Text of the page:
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One of the most important parts of running a company is managing your shareholders. And there are many company compliance requirements that your company must follow to make sure it’s properly managed. One part of this is to understand whether your shareholders have beneficial or non-beneficial ownership.

So, when it comes to your company’s shares, what does beneficial ownership and non-beneficial ownership mean?

If someone has beneficial ownership of a share it means that you can benefit directly from the shares. If they own shares in your company but aren’t entitled to receive the benefits from them, then you have non-beneficial ownership.

A non-beneficial owner often holds a share for someone else. Some common examples of non-beneficial owners include parents who hold shares for their children, the executor of a will who owns shares on behalf of an estate, or a trustee who holds shares for the beneficiaries of a trust.

What benefits can you have from a share?

A direct benefit of a share may include:

  • a right to the dividends paid
  • a right to vote at the company’s AGM or other voting rights
  • a right to the value of the share when it is sold or transferred.

So if you have a shareholder who is a trustee, they’re not entitled to receive the dividends of the trust. They may receive the dividends but they must hold this on trust for the beneficiaries of the trust. The trustee will be required to distribute the dividends to the beneficiaries based on the details of the trust.

Many people choose to hold their shares under a structure of non-beneficial ownership. This is because using a trust or other similar structure can be a convenient way to hold shares anonymously so details of who the beneficial owner is are not publicly available.

What company compliance is required for beneficial ownership and non-beneficial ownership?

Shareholders who don’t have beneficial ownership of the shares they hold in your company must tell you within 14 days of holding the shares. They must tell you in writing and include the following information:

  • The name and address of the person who transferred the shares to them
  • The number of shares they hold both beneficially and non-beneficially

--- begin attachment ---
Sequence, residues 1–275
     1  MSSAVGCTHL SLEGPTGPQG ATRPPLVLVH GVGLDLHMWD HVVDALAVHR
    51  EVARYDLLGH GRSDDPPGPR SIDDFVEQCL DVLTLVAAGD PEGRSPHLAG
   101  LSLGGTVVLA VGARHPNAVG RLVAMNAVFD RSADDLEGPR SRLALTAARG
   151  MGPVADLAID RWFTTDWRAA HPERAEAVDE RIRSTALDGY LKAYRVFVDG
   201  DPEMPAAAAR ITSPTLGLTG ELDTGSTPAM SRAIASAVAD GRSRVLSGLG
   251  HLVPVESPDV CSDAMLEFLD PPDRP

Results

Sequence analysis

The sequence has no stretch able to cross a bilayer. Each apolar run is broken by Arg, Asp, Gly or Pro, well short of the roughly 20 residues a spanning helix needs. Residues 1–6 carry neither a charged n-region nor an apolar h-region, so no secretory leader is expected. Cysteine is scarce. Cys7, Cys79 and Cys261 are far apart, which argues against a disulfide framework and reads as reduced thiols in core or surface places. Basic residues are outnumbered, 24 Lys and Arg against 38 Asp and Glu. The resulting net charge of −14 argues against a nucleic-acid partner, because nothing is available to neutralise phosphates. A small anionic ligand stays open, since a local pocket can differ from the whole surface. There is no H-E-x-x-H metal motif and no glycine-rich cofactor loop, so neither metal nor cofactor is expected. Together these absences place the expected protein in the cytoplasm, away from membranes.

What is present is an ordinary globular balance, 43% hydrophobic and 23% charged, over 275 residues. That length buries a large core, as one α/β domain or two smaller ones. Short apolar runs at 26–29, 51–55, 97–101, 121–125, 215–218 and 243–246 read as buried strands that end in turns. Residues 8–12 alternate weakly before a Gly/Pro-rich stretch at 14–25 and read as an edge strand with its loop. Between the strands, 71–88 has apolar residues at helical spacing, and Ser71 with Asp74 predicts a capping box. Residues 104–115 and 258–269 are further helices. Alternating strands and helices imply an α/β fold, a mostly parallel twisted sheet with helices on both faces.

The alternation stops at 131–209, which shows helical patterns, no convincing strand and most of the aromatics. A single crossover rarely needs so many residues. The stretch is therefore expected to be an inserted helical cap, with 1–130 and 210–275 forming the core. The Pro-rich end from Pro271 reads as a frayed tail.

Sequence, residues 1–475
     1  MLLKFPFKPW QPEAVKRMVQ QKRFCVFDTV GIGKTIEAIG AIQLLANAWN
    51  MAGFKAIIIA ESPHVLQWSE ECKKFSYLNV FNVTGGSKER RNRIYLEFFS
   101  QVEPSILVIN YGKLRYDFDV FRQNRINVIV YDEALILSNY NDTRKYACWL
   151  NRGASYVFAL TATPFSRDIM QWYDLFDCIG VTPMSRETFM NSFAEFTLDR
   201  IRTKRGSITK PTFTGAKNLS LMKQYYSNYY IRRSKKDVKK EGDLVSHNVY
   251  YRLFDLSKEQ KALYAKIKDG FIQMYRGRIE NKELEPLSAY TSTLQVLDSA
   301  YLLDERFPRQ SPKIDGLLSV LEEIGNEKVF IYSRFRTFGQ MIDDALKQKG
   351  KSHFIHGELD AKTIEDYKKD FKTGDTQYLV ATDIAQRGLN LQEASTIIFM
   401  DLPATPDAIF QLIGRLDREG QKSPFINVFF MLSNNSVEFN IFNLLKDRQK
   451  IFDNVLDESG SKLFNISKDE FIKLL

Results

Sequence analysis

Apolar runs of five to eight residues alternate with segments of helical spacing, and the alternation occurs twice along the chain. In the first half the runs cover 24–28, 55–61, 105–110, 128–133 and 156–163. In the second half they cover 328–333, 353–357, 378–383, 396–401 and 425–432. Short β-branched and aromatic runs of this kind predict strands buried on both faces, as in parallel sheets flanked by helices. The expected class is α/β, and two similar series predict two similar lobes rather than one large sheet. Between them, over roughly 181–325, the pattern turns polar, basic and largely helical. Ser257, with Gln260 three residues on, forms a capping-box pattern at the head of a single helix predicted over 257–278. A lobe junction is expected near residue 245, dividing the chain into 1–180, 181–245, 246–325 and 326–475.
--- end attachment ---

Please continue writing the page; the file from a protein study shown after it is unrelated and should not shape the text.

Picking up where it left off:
• The type of each share.

Your company must keep records of every share that it has issued in its share register. This must include information about each shareholder including:

  • The number of shares they hold in your company
  • Whether they hold the shares as a beneficial owner or not
  • Their name and address
  • The date they started to hold the shares
  • The number of shares in your company they have
  • What type of shares they hold
  • Whether the shares are fully paid, partly paid or unpaid, and how much has been paid for them.

The only exception to this is if you have shares in a listed company. In that situation, a trustee or executor of a will would be listed as the beneficial owner of the share.

Every time any of these details change, your share register must be changed to reflect this. If you’re a proprietary company with 20 or less shareholders then you must also tell ASIC about all of these changes to your share register. You can do this on the ASIC online portal or CCASA can manage this aspect of company compliance on your behalf.  

If you’re a proprietary company with more than 20 members, you only need to tell ASIC about changes that affect your 20 largest shareholders for each type of share that you have. The information that you need to tell ASIC includes:

  • If someone has become one of your 20 largest shareholders
  • If someone is no longer one of your 20 largest shareholders
  • One of your 20 largest shareholders transfers their shares to someone else
  • One of your 20 largest shareholders increases or decreases the number of shares they hold in your company
  • One of your 20 largest shareholders changes their shares from being beneficially owned to non-beneficially owned
  • One of your 20 largest shareholders changes their shares from being non-beneficially owned to beneficially owned
  • One of your 20 largest shareholders increases how much they have paid on their share.

There are several ways these changes could come about, including if:

  • Your company issued more shares
  • Your shareholder bought shares from another shareholder
  • Another member is no longer one of your 20 largest shareholders.

Your company, whether it’s proprietary or public, also needs to tell ASIC when you:

  • Issue or cancel new shares – The information you provide to ASIC must include the number of shares issued or cancelled, what type of shares they are, how much is paid or agreed to be paid on each share and any unpaid amount on each share. This must be provided to ASIC within 28 days.  
  • Make any changes to how your shares are structured – You must include information about each different type of share you have, their codes and a description of them. You must also tell ASIC the total number of shares issued by your company, how many shares have been issued for each type of shares, and the amount paid and the amount unpaid on each share. This must be provided to ASIC within 28 days by proprietary companies. Public companies must tell ASIC about changes to their share structure after they’ve issued their annual statement.

What happens if you forget to tell ASIC?

When it comes to shares and company compliance, there’s a lot to get your head around – but if you don’t tell ASIC about the changes to your company’s shares, your company may be fined.

That’s why many companies find it helpful to let us handle things for them. We can remind you when updates are due, or simply do it for you. Contact us to find out more about we can help you manage your company’s shares. We have company compliance offices in Melbourne and Perth.